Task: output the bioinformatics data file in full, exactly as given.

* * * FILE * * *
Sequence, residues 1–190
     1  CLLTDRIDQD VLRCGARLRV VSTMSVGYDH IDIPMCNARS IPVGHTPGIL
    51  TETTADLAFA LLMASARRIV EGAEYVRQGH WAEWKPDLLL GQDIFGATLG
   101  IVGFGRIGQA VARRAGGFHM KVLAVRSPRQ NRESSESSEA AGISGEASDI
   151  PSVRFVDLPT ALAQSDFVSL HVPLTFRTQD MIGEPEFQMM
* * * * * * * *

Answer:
Sequence, residues 1–190
     1  CLLTDRIDQD VLRCGARLRV VSTMSVGYDH IDIPMCNARS IPVGHTPGIL
    51  TETTADLAFA LLMASARRIV EGAEYVRQGH WAEWKPDLLL GQDIFGATLG
   101  IVGFGRIGQA VARRAGGFHM KVLAVRSPRQ NRESSESSEA AGISGEASDI
   151  PSVRFVDLPT ALAQSDFVSL HVPLTFRTQD MIGEPEFQMM